Friday, December 08, 2006

Being There


“Isn’t it enough simply to be?”

An older gentleman asked me this question a few weeks ago during a workshop I was conducting for the Society on Aging of New Jersey.

“Yes,” I answered. "It's enough."

The worth of a human life isn’t measured by one’s achievements. A few generations hence, it’s likely no one will remember what we accomplished. Yet even as I write these words, I realize that I sometimes forget this. I forget that defying gravity isn’t about pulling ahead in the final stretch--as if life were a race to be won. It’s about having the courage to follow our hearts and understanding that sometimes the most courageous thing we can do is to take no action at all.

My friend Norma Larsen (see photo above) died last week. I couldn’t care less what she did or didn’t achieve in her life. She was a beautiful, gentle soul; and I loved her.

2 comments:

  1. This comment has been removed by a blog administrator.

    ReplyDelete
  2. Thank you. Prill for this opportunity to explore feelings and ideas openly. As I write this, new feelings arise that may fill that empty hole inside of me. Some will work and others won't. I need to be part of a mentor/friendship group here in Oakland County, MI.

    Talking about defying gravity, it is true that in the 1970's the image of a woman was to be mother, wife and community involved person. Even though my parents wanted to see me go to college, it just wasn't strong enough for me. Many other factors were involved in the decision not to attend college. When listening to the success of others in the baby boomer generation, college was a big plus to achieving their successes. I am a hands on, learn as you go person which means it takes more time to learn what others did through college and mentoring.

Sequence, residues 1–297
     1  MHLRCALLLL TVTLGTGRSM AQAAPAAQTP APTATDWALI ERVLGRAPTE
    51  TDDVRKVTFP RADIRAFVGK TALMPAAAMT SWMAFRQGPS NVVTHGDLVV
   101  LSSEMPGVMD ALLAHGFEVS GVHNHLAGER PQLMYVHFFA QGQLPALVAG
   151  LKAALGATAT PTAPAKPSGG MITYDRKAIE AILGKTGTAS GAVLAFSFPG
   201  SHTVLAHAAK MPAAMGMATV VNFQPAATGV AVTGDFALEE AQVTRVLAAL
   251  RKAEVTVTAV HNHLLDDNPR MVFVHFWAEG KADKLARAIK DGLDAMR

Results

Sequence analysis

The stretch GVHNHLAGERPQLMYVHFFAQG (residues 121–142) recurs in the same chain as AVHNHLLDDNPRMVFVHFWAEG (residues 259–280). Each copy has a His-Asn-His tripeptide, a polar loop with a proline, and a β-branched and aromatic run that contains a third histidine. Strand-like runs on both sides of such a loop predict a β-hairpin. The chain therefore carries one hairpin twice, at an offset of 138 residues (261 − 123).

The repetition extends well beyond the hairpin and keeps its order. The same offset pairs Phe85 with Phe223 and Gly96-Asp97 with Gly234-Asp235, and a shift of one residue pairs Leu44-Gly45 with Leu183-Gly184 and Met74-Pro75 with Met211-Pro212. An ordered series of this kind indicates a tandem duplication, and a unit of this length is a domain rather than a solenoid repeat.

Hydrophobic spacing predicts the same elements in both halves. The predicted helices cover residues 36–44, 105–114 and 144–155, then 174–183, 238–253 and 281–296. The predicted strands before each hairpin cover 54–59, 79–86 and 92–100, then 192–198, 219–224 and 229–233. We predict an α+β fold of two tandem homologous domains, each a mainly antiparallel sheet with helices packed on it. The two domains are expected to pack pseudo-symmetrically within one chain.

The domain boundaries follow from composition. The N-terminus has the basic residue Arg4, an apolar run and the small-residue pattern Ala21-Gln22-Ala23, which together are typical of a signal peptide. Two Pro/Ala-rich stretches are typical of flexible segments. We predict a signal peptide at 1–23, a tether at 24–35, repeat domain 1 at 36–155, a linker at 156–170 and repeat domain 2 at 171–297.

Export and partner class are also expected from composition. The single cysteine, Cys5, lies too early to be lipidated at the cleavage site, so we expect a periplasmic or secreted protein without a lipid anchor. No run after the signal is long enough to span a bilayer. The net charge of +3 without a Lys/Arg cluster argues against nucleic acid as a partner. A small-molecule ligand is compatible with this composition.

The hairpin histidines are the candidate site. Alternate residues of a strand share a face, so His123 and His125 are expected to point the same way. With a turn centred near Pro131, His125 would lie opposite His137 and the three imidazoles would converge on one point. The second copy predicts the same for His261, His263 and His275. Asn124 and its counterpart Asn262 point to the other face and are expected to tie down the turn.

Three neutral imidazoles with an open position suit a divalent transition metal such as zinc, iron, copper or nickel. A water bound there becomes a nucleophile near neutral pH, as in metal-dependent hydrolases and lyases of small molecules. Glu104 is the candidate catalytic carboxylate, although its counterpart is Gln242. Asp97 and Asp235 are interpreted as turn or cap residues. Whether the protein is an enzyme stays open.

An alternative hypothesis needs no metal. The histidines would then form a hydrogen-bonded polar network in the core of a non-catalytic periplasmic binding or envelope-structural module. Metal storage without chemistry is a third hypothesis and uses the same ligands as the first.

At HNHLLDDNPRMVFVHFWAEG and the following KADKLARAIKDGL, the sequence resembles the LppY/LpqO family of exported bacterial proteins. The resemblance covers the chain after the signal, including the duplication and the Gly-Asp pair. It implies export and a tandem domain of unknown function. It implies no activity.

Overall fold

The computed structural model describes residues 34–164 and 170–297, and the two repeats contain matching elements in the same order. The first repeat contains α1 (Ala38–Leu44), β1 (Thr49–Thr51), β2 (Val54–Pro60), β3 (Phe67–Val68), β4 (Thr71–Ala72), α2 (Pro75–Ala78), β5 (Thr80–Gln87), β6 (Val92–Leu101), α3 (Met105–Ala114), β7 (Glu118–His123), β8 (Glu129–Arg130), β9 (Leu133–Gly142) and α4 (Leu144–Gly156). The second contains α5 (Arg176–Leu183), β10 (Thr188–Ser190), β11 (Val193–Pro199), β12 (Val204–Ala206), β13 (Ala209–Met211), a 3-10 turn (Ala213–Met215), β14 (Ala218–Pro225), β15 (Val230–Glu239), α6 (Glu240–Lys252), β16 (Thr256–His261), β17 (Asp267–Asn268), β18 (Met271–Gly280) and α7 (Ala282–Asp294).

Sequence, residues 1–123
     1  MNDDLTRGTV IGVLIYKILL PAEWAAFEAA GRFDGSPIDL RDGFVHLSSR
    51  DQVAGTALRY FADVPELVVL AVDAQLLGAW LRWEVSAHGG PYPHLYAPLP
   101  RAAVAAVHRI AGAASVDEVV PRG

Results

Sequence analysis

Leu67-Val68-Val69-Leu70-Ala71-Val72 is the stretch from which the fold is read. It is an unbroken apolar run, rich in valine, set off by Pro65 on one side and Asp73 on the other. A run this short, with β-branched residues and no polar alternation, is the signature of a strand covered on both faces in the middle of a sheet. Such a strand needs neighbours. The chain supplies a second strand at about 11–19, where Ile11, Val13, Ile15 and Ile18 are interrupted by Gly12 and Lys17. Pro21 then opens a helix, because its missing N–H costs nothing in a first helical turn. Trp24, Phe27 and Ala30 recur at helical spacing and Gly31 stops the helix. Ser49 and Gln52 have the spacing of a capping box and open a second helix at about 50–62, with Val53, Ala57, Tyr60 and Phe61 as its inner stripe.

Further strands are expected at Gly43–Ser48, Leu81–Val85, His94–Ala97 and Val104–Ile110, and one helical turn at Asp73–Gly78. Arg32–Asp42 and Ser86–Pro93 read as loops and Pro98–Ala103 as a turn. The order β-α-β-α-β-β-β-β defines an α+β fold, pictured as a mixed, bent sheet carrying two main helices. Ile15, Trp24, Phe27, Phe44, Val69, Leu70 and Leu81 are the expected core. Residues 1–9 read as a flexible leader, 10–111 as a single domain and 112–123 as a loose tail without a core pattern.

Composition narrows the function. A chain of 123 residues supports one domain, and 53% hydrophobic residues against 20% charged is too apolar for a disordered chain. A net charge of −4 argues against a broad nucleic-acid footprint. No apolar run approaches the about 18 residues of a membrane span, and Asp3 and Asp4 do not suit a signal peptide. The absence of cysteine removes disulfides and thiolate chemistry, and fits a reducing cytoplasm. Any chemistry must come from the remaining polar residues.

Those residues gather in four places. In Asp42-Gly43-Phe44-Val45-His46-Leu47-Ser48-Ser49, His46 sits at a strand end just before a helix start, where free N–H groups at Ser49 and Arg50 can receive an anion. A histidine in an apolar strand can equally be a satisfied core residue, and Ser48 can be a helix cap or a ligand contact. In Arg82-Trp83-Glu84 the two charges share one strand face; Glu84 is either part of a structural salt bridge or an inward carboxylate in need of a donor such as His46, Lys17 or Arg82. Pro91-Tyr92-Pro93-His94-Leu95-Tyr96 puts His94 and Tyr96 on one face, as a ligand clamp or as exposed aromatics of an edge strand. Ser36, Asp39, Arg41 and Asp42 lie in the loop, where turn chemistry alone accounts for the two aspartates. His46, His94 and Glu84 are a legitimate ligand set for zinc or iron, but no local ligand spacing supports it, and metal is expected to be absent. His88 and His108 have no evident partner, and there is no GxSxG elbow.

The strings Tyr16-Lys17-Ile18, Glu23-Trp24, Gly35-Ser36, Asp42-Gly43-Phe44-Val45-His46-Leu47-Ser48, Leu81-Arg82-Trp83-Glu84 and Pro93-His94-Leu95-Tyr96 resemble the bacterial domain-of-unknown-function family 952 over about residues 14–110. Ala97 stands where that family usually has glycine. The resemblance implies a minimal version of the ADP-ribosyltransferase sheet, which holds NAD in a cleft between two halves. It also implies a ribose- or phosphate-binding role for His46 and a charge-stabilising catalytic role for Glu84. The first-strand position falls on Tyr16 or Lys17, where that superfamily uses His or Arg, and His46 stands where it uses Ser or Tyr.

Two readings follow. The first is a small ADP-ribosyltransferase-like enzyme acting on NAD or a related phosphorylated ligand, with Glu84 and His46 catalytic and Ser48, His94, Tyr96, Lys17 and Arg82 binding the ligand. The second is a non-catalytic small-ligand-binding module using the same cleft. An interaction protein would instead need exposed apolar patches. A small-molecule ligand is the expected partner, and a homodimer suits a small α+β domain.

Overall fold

In 1972, I found myself (22 years old) six months into a marriage living with a husband who would never walk again. Thankfully he just became a school teacher which gave him a sense of identity and income provider. That same day I found out that was there is a baby on the way. The topping on the cake was my mother died of cancer when my son turned two years old. Maybe I should have started a group called: Caregivers Anonymous.

    When my son turned three, I divorced his father and went to work as a "guru" of the personal computer age. Learning administrative, organizing and computer skills have given me the skills needed to help the senior population.

    Eleven years ago I found a great husband who supports my travel down the road to find my true calling. While he was still working for Ford Motor Co., I left full time to work with seniors assisting with their moving and declutter needs. To share the knowledge of the types of products and services available to caregivers, I wrote a book "Calming the Chaos of Aging". This book was as much for me as the readers. Add a great son, daughter in law and two grandchildren, feeling an empty hole inside of me should be not there.

    My new challenge is losing eyesight. Still very independent I am getting disability checks at "legally blind" (not blind) and no longer able to drive. I needed to pave a new road in order to network with others. Again, the computer and organizing skills took over.

    There is an empty hole inside of me that wants to become part of a mentoring/friendship group of women also. With the skills of computer, love of organizing for the elderly, this is just not enough. There is something inside yet untaped.

    It occurred to me that while I can still see, why not explore adding my love for bed and breakfasts to the list of other skills. What if I joined with others to visit B&B's around the country and evaluate them. Maybe form a service that gives baby boomers known places to relax, get massages, and add independent seniors to this list. The more minds, the more ideas. Take an existing idea and create a new twist to it. The fun this could be. If anyone has another idea, please email me at eldercareconcierge@comcast.net.

    ReplyDelete